What’s been going on lately?
Monsoon season is around the corner. For many that means more power cuts, floods, dangerously hidden potholes, moldy clothes etc. In some extreme cases, people sheltering in bamboo and tarpaulin tents will be forced to weather cyclones and landslides on land mere meters above sea water. But for those lucky enough to escape the monsoon, wet season is a time of cheap prices, few tourists and fairly dry weather in some parts of Myanmar. Check the best places to visit in our special feature.
The cases of Reuters journalists Wa Lone, 32, and Kyaw Soe Oo, 28, took a dramatic turn in a Yangon court on April 20, when prosecution witness Police Captain Moe Yan Naing took the stand. He told the court that a Myanmar police chief ordered offices to set up the reporters. Police arrested the pair on Dec. 12 on the outskirts of Yangon after they had dinner with two police officers who gave them classified documents about the Rakhine State crisis. They face up to 14 years in prison under the colonial-era Official Secrets Act. The high-profile case has ignited fresh fears over press freedom in the country, with human rights lawyer Amal Clooney joining the defense team and the Danish Embassy urging for the reporters’ release to “show the world that rule of law does exist in Myanmar.”
Dozens of people were hospitalized in Yangon after a fire spread across a 300-acre landfill on the edge of the city. Some 600 firefighters tackled the blaze for days since its outbreak on April 21, as putrid smoke from the burning trash billowed over Hlaing Tha Yar Township. Twenty-six people have been hospitalized at the time of reporting, many suffering smoke inhalation, according to Reuters. The fire highlighted the growing waste problem in Yangon, a city of more than five million people without a long-term waste management solution. The 17-year-old landfill takes about half of the city’s daily trash of more than 2,500 tons.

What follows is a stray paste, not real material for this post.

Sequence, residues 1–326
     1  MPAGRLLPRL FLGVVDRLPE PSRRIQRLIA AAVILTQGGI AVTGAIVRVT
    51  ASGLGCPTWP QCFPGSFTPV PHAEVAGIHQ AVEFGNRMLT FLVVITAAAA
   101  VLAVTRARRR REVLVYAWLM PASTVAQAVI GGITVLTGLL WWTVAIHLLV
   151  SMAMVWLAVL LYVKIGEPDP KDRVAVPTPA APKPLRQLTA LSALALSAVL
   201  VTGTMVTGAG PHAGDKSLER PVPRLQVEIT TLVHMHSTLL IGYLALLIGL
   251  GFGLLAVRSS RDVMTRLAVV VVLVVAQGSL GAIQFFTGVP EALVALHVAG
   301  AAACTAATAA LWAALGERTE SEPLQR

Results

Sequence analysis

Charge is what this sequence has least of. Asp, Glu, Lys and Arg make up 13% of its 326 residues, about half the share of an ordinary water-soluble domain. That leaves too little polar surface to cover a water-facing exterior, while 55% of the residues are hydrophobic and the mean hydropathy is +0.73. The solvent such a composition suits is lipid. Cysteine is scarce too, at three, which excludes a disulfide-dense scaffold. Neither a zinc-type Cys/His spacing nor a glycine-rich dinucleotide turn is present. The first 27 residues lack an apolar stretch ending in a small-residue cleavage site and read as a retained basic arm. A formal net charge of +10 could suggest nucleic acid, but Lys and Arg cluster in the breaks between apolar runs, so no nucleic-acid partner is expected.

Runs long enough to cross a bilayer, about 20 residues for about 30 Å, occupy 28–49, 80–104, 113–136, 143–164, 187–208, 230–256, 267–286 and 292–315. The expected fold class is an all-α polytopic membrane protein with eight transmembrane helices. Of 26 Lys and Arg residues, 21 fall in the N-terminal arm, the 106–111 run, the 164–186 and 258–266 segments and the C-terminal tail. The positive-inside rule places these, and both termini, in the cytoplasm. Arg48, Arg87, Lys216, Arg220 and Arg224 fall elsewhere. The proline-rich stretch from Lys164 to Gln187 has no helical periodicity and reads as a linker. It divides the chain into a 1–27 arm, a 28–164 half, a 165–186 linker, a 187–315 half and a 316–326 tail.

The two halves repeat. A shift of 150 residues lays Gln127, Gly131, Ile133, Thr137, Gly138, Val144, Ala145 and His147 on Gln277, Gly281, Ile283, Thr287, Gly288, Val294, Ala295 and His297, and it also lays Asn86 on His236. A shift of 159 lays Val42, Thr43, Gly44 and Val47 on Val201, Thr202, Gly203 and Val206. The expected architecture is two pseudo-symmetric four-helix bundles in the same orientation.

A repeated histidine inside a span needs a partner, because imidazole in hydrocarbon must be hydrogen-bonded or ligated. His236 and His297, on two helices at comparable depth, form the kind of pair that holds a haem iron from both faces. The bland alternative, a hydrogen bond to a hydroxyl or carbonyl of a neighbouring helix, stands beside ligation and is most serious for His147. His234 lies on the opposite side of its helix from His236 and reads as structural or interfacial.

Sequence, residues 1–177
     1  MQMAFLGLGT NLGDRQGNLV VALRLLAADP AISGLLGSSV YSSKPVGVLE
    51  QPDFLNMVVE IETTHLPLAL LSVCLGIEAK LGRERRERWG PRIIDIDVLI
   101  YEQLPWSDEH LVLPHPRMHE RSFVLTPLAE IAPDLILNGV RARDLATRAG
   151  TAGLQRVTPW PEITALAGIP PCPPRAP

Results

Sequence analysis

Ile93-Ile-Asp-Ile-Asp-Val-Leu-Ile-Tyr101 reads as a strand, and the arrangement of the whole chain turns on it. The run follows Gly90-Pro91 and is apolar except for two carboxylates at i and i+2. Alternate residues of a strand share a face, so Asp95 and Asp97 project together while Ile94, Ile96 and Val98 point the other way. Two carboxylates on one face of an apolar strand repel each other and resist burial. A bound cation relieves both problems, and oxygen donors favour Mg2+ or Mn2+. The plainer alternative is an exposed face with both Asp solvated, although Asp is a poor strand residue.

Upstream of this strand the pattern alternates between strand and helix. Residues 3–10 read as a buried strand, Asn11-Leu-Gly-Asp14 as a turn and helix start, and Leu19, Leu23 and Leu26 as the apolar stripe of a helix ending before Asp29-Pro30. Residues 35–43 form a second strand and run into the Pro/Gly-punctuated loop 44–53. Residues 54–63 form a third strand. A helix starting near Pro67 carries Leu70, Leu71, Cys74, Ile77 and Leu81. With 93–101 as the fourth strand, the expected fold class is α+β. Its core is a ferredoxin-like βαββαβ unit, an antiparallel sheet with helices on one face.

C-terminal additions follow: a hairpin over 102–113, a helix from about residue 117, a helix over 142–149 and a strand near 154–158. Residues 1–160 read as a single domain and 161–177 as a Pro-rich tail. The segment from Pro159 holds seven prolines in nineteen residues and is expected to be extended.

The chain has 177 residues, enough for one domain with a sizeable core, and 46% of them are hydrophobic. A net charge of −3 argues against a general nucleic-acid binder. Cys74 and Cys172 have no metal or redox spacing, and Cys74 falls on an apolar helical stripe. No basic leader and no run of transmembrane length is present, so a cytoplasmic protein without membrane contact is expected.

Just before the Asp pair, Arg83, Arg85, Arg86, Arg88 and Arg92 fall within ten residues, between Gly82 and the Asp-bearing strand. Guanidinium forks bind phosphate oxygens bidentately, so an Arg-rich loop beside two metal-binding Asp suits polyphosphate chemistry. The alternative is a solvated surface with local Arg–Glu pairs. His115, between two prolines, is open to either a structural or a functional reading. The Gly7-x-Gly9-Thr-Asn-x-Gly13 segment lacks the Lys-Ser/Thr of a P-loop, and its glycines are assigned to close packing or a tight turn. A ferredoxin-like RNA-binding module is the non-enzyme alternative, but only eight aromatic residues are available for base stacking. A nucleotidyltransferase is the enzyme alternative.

Leeds United to tour Myanmar
Leeds United Football Club have announced they will play two matches in Myanmar this month as part of a post-season tour. The club will play the matches on May 9 and 11 against a Myanmar National League All-Star team in Yangon, and then against the country’s national team in Mandalay.
During the tour Leeds players and coaches will also run football sessions with local children and visit cultural sites, including Shwedagon Pagoda in Yangon. This announcement has sparked controversy amongst human rights groups in the United Kingdom, who have criticised the tour due to the situation in Rakhine State.
The ‘Straws Suck’ campaign is gathering steam, with several establishments recently joining the call to no longer serve non-reusable plastic straws. As part of the 2018 Green Award program, MYANMORE has made a commitment to support environmentally friendly initiatives just like this. This month, ‘Straws Suck’ creator restaurant and bar group 57-Below announces the venues in Yangon hat have declared themselves ‘straw-free’:
G7 Plage Gaw Yan Gyi, 50th Street, Gekko, Locale, Mahlzeit, Nourish, Parami Pizza, Paribawga Café, Rau Ram, Rose Garden Hotel, Savoy Hotel, Sprouts, The Strand Hotel, Union Bar and Grill, Father’s Office and Bodhi Nava, Burma Bistro, Oliva, Yangon Bakehouse & the monthly Yangon Zay at the Tea Factory.
And as an extra plus, the Third European Food Festival, to be held at The Rose Garden Hotel on July 28, is also confirmed to be a plastic-free event.